What About Above Her Neck?

Below Her Mouth

by Hope Madden

In a world where thin, beautiful, braless women look hot at work, stare longingly at each other and writhe sensually across the screen, are we supposed to see art where art is not just because Below Her Mouth is a film made by and (ostensibly) for women?

Writer Stephanie Fabrizi and director April Mullen – with an entirely female crew – bring to life the threadbare tale of an uptight good girl whose wild side is ignited by a chance encounter with a bad boy.

The fact that the bad boy is female is beside the point.

No, unfortunately, it is the only point.

Dallas and Jasmine – I swear to God, those are their names – are stiffly played by Erika Linder and Natalie Krill, respectively. Both cut impressive figures and are clearly comfortable with nudity.

Their chemistry is forced and inauthentic, their dialog weak, their storyline nearly nonexistent. What little plot there is – straight, engaged Jasmine indulges her fantasy with Bowie-esque roofer Dallas while her beau is out of town – feels more like porn than like a real movie.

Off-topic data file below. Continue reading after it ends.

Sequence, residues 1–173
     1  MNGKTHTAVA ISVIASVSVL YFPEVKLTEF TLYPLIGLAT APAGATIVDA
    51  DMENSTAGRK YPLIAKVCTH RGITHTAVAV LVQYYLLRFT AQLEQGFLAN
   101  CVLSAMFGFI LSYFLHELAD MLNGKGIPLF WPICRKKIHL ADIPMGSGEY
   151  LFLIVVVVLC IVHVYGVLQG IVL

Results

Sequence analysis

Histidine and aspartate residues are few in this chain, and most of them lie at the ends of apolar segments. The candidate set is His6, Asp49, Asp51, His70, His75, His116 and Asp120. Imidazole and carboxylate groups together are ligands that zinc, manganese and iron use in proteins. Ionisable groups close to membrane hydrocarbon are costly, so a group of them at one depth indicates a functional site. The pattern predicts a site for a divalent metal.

There’s a reason for that.

Below Her Mouth is bound to garner comparisons to Abdellatif Kechiche’s Blue Is the Warmest Color – to its terminal detriment. Though Blue has its flaws, it tells a powerful story very well and boasts utterly brilliant performances. And, like Alain Guiraudie’s equally sexually graphic Stranger by the Lake, Blue’s vivid – almost exhausting- carnality supports the narrative.

Below Her Mouth strings together almost enough narrative to frame a dozen or two sex scenes.

Is there something to be said for taking that oh-so-heterosexual film structure (good girl/bad boy, not porn) and upending it? Shouldn’t Mullen be praised for subverting ideas of sexual objectification – if that’s what she’s doing? (We can objectify us just as much as you can – is that the theme at work here?)

Should she be applauded for bringing an entirely female-made film to our theaters?

No. Because the movie sucks.


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